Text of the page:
Hop on a bike by the Schuylkill River in Conshohocken, and ride all the way to the Fort Washington State Park? Then maybe up the Wissahickon Creek past Ambler or down to Philadelphia?
Those are the options that those in local government hope to give their residents by extending the "Cross County Trail," which currently dead ends in Plymouth Meeting, up to the Fort Washington State Park. An idea that has lain relatively dormant for eight years, Plymouth Township Council is now trying to set the wheels in motion.
Council will vote on a resolution at its legislative meeting next week to conditionally offer $10,000 in capital funds, matched by Whitemarsh Township and a PECO grant, to conduct a study on how to best connect the trail. The main issue at hand, says councilman Dean Eisenberger, is how to cross Germantown Pike.
"Right now, the trail comes up Alan Wood Road, along IKEA, under Ridge Pike, and through the Metroplex where it dead ends," Eisenberger told Patch. "[Engineers] would have to decide whether to go above or below Germantown Pike, or build a crosswalk, which is a concern from a safety perspective."
At its current length, the trail stretches only 3.5 miles and connects with the Schuylkill River Trail in Conshohocken. According to the Montgomery County website, the ultimate goal is to run 17.5 miles to a future Pennypack Trail in Willow Grove, while also connecting to the Wissahickon's Green Ribbon Trail and Philadelphia's Fairmount Park along the way.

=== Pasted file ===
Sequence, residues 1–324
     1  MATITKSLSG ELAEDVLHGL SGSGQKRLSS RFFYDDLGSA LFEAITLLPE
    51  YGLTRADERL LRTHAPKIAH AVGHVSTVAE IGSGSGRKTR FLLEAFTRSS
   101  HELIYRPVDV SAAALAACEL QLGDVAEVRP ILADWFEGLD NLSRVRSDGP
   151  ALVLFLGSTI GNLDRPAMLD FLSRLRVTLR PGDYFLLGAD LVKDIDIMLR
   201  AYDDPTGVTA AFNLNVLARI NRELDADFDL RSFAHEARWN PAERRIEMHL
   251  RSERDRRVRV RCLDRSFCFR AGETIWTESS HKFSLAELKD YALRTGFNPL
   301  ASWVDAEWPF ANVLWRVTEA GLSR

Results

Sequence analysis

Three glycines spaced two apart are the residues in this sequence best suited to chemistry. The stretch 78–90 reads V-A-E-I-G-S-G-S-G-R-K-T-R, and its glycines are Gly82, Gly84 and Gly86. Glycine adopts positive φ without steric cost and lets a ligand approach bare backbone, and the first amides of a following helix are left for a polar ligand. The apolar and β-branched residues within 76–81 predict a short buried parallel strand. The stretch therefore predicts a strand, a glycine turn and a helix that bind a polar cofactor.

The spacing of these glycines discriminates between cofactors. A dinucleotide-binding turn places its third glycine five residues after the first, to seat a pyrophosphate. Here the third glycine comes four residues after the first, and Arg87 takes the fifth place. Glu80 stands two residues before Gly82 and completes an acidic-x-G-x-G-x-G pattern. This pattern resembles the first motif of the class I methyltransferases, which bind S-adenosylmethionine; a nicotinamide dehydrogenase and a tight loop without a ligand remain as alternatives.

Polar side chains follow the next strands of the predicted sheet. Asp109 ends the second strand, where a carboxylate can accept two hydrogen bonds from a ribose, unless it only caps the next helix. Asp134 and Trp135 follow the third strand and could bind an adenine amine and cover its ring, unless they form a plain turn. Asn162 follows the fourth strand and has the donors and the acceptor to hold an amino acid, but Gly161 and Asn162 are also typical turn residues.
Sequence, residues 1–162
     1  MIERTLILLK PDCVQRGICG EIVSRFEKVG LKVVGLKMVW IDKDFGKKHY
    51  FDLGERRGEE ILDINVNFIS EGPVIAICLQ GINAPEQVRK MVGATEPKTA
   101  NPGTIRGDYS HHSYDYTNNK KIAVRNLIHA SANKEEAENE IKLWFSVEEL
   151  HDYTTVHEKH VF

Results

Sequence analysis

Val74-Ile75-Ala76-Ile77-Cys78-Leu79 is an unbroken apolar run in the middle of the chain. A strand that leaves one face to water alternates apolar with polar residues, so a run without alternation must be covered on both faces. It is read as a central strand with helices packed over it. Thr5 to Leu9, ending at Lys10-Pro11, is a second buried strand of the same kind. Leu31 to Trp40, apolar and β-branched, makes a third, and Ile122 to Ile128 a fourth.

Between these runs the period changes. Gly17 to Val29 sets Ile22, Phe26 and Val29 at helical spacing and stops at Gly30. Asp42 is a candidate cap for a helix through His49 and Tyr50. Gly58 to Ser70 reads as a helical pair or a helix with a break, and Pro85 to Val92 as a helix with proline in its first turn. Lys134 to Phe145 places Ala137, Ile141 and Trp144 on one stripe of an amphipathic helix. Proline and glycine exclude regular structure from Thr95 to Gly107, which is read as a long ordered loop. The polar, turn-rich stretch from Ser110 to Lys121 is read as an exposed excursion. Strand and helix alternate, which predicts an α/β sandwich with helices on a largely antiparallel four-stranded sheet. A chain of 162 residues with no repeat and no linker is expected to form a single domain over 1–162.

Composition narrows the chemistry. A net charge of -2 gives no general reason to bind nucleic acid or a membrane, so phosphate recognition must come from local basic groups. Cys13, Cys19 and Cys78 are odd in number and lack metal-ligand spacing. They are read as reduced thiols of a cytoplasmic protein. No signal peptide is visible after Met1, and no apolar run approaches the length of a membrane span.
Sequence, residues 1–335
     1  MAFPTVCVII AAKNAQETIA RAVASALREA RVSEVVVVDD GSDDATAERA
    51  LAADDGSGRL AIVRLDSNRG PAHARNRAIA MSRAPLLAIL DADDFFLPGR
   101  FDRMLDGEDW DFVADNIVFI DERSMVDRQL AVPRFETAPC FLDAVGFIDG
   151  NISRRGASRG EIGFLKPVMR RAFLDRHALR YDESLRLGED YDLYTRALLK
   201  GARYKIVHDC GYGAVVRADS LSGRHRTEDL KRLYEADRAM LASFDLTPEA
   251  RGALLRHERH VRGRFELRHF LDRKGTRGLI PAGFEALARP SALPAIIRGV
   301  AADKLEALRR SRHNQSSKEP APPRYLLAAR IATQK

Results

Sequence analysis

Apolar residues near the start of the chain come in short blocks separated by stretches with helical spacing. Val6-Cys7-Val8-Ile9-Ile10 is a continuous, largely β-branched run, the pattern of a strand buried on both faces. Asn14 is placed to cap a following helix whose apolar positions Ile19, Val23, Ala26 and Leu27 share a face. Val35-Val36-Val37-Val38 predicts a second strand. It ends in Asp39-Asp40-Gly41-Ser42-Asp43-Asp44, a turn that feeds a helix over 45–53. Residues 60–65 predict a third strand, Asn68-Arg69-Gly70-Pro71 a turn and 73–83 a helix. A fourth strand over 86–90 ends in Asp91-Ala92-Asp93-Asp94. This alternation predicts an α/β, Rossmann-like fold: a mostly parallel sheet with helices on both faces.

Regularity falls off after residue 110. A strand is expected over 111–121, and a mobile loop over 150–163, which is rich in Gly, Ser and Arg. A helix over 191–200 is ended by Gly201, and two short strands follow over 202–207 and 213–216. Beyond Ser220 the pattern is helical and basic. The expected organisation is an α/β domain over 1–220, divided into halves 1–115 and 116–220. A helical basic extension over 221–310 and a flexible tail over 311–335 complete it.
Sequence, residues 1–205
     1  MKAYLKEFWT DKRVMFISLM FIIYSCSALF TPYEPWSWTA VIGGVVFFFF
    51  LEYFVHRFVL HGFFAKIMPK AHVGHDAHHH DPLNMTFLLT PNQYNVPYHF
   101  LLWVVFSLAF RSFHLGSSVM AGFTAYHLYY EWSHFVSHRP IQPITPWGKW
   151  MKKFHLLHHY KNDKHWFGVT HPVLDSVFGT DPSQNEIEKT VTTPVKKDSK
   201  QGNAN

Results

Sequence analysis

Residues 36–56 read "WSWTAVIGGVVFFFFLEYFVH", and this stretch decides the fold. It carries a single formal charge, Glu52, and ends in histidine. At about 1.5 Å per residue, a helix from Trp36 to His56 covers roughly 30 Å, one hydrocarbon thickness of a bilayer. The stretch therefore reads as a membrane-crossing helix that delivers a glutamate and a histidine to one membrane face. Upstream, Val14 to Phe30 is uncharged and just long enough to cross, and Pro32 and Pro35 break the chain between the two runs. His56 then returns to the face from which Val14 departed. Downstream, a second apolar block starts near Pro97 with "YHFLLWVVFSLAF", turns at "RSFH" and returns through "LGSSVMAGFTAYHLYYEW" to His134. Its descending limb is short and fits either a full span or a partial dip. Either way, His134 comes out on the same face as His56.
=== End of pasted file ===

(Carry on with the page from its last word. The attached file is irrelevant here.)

Should Council approve the release of $10,000 on Monday, the amount would likely be matched by Whitemarsh Township, Eisenberger said. The municipalities would then apply for an additional $10,000 grant from the PECO Green Region Program, to pay for a feasibility study. While a study completed in 2007 determined the best path for the trail and coordinated with property owners who would have to give permission for the trail to cross their land, Eisenberger said that the recent changes to Flourtown Road require new consideration.
After the plans have been made, the municipalities, along with Montgomery County, can start applying for larger grants to pay for actual trail construction. Despite the seemingly long road, Eisenberger said that he is optimistic after attending recent meetings that placed many of the important players at the same table.
"I think it's imperative that we get it done," said Eisenberger. "We've probably accomplished more in the last six months than we have in the past six years."